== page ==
Iran Announces the Salman Rushdie Fatwa Video Game

Salman Rushdie may have escaped the Ayatollah's death sentence in real life -- but what about virtually?

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REUTERS/Gustau Nacarino

Novelist Salman Rushdie has so far escaped the decades-old call for his death in the real world, but in the video game universe he may not be so lucky. This week the government-sponsored Iranian Islamic Association of Students announced that a Salman Rushdie computer game is in development.

Not much is yet known about the storyline for the game, but the matter-of-fact title — “The Stressful Life of Salman Rushdie and Implementation of His Verdict” — suggests that players may get to follow through on Ayatollah Khomeini’s 23-year-old call for the author’s head.

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Officials are hoping the concept will attract younger Iranians, whom they aim to educate about the “sin” committed by Rushdie — an Indian-born British author who spent years in hiding after being accused of committing blasphemy and profaning the religion of Islam with his 1988 novel The Satanic Verses. Speaking with the semi-official Mehr news agency, student association representative Mohammed-Taqi Fakhrian said, “We felt we should find a way to introduce our third and fourth generation to the fatwa against Salman Rushdie and its importance.”

(VIDEO: TIME’s 10 Questions for Salman Rushdie)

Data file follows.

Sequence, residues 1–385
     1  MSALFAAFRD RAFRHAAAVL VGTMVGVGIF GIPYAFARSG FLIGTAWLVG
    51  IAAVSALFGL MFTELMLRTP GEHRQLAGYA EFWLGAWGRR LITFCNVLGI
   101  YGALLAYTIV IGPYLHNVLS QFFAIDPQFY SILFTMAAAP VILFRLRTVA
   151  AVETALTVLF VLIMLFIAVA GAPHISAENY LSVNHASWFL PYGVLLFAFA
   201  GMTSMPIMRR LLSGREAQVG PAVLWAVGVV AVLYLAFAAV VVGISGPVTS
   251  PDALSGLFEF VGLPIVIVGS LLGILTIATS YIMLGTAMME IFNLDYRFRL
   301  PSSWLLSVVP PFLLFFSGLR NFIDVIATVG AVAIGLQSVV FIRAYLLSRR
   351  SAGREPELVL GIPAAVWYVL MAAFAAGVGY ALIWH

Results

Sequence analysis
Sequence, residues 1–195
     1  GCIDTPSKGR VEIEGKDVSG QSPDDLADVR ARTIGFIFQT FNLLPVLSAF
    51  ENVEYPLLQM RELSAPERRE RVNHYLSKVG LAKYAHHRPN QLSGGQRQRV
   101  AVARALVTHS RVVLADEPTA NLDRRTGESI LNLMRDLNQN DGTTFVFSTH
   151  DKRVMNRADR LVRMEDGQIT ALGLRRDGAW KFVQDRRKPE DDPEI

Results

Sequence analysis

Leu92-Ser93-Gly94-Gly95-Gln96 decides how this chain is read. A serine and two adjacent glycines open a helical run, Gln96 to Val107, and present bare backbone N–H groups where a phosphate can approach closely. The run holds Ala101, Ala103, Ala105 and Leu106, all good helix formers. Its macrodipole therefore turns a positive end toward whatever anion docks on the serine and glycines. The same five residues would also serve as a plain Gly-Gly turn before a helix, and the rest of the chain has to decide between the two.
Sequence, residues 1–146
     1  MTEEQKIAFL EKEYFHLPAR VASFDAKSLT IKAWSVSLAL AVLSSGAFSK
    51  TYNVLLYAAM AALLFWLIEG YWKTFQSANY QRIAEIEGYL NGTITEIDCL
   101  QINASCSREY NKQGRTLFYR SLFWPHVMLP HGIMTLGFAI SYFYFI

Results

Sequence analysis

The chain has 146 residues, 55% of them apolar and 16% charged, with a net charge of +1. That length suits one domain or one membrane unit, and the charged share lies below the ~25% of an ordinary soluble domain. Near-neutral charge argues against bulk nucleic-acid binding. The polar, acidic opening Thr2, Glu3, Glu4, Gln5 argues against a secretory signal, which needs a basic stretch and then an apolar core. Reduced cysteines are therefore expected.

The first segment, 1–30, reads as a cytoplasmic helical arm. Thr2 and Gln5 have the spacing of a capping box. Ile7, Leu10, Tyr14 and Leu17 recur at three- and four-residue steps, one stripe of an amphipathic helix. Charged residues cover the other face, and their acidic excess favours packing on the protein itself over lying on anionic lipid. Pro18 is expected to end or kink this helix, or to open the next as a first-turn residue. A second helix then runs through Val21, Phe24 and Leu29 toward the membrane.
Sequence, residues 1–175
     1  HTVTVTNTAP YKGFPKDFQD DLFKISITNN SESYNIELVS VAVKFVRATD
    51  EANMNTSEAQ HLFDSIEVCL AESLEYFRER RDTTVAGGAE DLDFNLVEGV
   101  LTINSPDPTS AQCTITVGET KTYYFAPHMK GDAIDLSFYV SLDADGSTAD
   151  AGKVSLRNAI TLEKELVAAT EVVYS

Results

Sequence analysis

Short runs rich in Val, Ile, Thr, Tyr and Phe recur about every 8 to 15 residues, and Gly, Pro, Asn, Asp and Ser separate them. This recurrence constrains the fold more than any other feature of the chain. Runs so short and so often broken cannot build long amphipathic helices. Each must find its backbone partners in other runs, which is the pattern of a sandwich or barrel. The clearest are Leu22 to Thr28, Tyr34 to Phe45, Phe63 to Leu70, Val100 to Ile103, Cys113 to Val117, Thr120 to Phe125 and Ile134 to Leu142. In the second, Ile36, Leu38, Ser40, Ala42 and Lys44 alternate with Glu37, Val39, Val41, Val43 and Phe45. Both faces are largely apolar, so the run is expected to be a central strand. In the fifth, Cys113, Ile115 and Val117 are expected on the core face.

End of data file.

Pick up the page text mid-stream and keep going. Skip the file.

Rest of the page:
The announcement was made during the second annual International Computer Games Expo in Tehran. Computer gaming is a growth industry in Iran of late; Mokhber Dezfouli, of the country’s governing Supreme Council, told the Fars News Agency that Iran had “developed around 140 games with Islamic and Iranian contents which can compete with foreign products.”

The most recent offering is the Iranian Army’s first foray into gaming, Battle in Gulf of Aden, a game focused on the navy’s “mighty presence in the international waters”. Other games include Special Mission 85, a story about two fictional nuclear scientists who are abducted by American forces in Iraq.

Then of course there’s Gando, described in the Iranian National foundation Computer Games handbook as “a game for children is the main character that a crocodile short muzzle with local name Gando.”

Gando aside, most of Iran’s recent video games seem to be pointed ripostes to Western-made first-person shooters like Call of Duty or Battlefield 3 — currently banned in Iran due to its depiction of a fictional U.S. assault on Tehran. In a direct response to Battlefield 3, Iran announced that it would produce a video game titled Attack on Tel Aviv.

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